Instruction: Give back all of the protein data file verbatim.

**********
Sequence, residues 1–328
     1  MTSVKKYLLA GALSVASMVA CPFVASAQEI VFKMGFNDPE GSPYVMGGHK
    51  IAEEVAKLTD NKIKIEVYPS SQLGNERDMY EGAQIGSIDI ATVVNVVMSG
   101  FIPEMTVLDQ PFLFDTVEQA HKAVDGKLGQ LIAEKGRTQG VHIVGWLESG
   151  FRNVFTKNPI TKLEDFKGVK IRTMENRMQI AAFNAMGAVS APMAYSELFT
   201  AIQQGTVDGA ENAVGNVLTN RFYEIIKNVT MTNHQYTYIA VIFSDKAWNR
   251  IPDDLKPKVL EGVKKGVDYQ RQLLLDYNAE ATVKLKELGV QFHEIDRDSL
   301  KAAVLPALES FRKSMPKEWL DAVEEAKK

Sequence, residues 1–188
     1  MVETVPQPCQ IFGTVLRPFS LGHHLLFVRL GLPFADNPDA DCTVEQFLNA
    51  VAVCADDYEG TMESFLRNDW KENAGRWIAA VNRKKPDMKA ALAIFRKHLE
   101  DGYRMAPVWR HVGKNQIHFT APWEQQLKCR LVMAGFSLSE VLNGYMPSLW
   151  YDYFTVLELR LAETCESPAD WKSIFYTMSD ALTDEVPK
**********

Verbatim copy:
Sequence, residues 1–328
     1  MTSVKKYLLA GALSVASMVA CPFVASAQEI VFKMGFNDPE GSPYVMGGHK
    51  IAEEVAKLTD NKIKIEVYPS SQLGNERDMY EGAQIGSIDI ATVVNVVMSG
   101  FIPEMTVLDQ PFLFDTVEQA HKAVDGKLGQ LIAEKGRTQG VHIVGWLESG
   151  FRNVFTKNPI TKLEDFKGVK IRTMENRMQI AAFNAMGAVS APMAYSELFT
   201  AIQQGTVDGA ENAVGNVLTN RFYEIIKNVT MTNHQYTYIA VIFSDKAWNR
   251  IPDDLKPKVL EGVKKGVDYQ RQLLLDYNAE ATVKLKELGV QFHEIDRDSL
   301  KAAVLPALES FRKSMPKEWL DAVEEAKK

Sequence, residues 1–188
     1  MVETVPQPCQ IFGTVLRPFS LGHHLLFVRL GLPFADNPDA DCTVEQFLNA
    51  VAVCADDYEG TMESFLRNDW KENAGRWIAA VNRKKPDMKA ALAIFRKHLE
   101  DGYRMAPVWR HVGKNQIHFT APWEQQLKCR LVMAGFSLSE VLNGYMPSLW
   151  YDYFTVLELR LAETCESPAD WKSIFYTMSD ALTDEVPK